Colorado Probate Blog - Wade Ash Woods Hill & Farley, P.C.

Overview of 2018 Tax Act

President Trump signed the 2018 Tax Act into law on December 22, 2017. Most of the provisions apply only to taxable years starting January 1, 2018 through December 31, 2025. The changes in the corporate tax rates are permanent. Wade Ash intends to send out a newsletter in February that will summarize more fully the provisions of the Act, especially as affecting estate planning. The following is a list of some of the major provisions:

    • The estate, gift and generation-skipping transfer tax exemption is doubled from $5 million to $10 million and still indexed for inflation since 2011. The 2018 exemption will be about $11.2 million.
    • The individual standard deduction is also nearly doubled to $24,000 for married filing jointly, and $12,000 for single taxpayers; the income tax rates are slightly reduced.
    • No more deductions for personal exemptions on individual returns (although they apparently do still apply for trusts and estates).
    • Many itemized deductions for individuals were eliminated or reduced:
      • $10,000 limit on the deduction for state and local taxes
      • no deduction for interest on home equity loans, including current loans
      • the deduction for mortgage interest on new loans is only allowed up to $750,000 in indebtedness
      • No deduction for alimony on divorces finalized after 12/31/2018 (and the receipt of alimony will not be taxable income)
      • medical expenses may still be deducted over 10% of AGI
      • charitable contributions may still be deducted (up to 60% of AGI instead of only 50% for cash contributions to public charities)
      • NO miscellaneous itemized deductions, including investment advisor fees, accountants’ fees, attorney fees
    • 529 plan accounts may make qualified distributions for elementary and high school education up to $10,000 per year per student
    • C corporation changes are permanent and include:
      • corporate tax rate reduced to 21% from 35%
      • corporate Alternative Minimum Tax repealed
      • 100% expensing of new and used property used in the business, except for buildings
      • Business expense deductions include state and local taxes without the $10,000 limit
    • New 20% deduction for "qualified business income" under pass-through entities such as partnerships, LLCs and Sub-S corporations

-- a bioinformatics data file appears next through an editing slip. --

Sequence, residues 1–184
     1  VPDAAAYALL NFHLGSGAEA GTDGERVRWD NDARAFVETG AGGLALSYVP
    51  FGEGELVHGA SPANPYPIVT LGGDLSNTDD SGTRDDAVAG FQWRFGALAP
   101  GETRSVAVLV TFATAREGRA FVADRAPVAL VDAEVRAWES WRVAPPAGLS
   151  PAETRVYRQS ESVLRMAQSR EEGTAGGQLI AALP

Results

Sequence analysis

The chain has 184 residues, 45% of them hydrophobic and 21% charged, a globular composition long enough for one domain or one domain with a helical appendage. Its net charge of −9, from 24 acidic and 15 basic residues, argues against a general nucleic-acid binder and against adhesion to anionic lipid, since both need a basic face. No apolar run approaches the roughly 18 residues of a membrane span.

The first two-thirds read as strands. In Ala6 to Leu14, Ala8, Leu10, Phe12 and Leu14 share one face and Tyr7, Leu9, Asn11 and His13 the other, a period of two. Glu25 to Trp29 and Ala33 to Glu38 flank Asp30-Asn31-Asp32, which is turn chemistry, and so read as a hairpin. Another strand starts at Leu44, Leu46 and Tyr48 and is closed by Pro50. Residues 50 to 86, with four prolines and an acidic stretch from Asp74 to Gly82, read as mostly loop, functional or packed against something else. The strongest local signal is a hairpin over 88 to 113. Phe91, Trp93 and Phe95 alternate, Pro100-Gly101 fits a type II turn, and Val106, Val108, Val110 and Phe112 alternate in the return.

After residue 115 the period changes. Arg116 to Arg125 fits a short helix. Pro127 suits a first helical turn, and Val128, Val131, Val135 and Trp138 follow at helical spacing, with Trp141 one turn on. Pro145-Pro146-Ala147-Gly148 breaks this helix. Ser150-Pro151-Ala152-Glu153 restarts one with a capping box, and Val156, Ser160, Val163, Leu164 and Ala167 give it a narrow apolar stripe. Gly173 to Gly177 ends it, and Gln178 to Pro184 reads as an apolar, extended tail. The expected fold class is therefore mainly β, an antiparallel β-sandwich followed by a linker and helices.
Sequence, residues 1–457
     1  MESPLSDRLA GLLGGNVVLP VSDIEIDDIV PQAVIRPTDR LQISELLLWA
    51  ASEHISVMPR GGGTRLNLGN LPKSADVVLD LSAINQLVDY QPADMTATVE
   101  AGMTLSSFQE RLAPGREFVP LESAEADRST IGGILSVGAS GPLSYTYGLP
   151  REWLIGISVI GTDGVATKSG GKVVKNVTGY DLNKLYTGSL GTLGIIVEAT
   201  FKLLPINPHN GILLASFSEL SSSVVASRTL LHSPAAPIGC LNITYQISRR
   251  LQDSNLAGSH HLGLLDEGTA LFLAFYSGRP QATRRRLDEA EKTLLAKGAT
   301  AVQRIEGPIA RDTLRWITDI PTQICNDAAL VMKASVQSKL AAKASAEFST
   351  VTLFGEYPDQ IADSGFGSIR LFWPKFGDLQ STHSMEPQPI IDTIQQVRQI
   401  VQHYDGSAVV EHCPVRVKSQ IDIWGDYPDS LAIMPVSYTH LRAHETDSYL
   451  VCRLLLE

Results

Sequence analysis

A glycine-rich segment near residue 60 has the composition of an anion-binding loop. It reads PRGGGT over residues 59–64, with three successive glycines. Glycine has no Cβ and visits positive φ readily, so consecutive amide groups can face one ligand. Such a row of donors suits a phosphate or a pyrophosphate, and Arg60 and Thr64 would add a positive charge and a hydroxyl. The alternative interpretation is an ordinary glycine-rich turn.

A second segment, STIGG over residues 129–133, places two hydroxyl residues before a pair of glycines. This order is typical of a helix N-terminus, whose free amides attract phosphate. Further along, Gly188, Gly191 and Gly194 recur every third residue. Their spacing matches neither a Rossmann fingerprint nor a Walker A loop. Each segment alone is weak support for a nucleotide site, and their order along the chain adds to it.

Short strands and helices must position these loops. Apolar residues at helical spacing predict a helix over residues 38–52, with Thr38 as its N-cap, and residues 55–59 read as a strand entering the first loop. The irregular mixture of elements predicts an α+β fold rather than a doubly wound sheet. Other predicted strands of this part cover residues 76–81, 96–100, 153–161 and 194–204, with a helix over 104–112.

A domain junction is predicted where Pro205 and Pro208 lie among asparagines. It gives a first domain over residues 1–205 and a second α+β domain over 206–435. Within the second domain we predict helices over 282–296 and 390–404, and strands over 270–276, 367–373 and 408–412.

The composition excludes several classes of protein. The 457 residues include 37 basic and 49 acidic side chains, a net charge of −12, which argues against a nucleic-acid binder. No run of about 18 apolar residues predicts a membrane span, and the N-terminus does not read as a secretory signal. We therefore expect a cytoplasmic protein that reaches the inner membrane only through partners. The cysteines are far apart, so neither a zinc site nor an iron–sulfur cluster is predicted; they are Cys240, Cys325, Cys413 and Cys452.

• Must be income earned in a "trade or business"
      • Deduction excludes income from capital gains, dividends, interest
      • If total income is less than $315,000 for married filing jointly ($157,500 for single taxpayers), no further limit on the deduction.
      • If more than the threshold, subject to limitation of greater of (a) 50% of taxpayer’s share of W-2 wages, or 25% of taxpayer’s share of W-2 wages plus 2.5% of depreciable property
      • If income is over the threshold, no 20% deduction for income from pass- through service companies, including health, law, accounting, performing arts, athletics, financial services, "reputation/skill-based" services, investment management
    • Many issues have not been addressed in the Act, and will need to be clarified in regulations
  • no deduction for business entertainment expenses (except if employees are included, like holiday parties)
  • changes to fiduciary income tax (trusts and estates):
    • miscellaneous itemized deductions (subject to the 2% floor) are NOT deductible
    • items that are deductible are those NOT subject to the 2% floor and include trustee fees, attorney fees to administer the trust or estate, preparation of estate tax returns and fiduciary income tax returns (but not gift tax returns), and administrative expenses such as probate filing fees, appraisals and preparation of accountings
    • state and local taxes up to $10,000 are deductible
    • charitable contributions are deductible if required by the governing instrument
    • trusts and estates still have the personal exemption ($600 for estates, $100 for simple trusts and $300 for complex trusts)
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Minority Interest Discounts in Family Controlled Entities

On August 2, 2016, the Treasury Department proposed a series of regulations to Section 2704 of the Internal Revenue Code. If these proposed regulations are made final, this could greatly limit the ability of family controlled partnerships, limited liability companies, and corporations to transfer interests in a manner that takes advantage of minority discounts.

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IRS Delays Basis Reporting Again

In Notice 2016-19, 2016-9 IRB, the IRS again delayed the due date for filing the new Form 8971, Information Regarding Beneficiaries Acquiring Property From a Decedent, reporting the basis in a decedent's estate both to the IRS and to the beneficiaries. The 2015 Form 1041 (U.S. Fiduciary Income Tax Return) includes provisions requiring consistent basis reporting. As noted in earlier blogs, the "Highway Bill" signed into law on July 31, 2015, requires executors of estates and certain heirs filing U.S. Estate Tax Returns (Form 706) on or after that date to file a statement with the IRS, and to report the fair market value of assets on the return to the beneficiaries within 30 days of filing the Form 706. The IRS had delayed the due date for new Form 8971 until February 29, 2016, and has now extended that date again to March 31, 2016. The Form and Instructions are now posted on the IRS website, but numerous questions have been raised, resulting in not only another delayed due date, but a "suggestion" by the IRS that taxpayers wait until proposed regulations are issued to file the return. Proposed regulations are expected "shortly."

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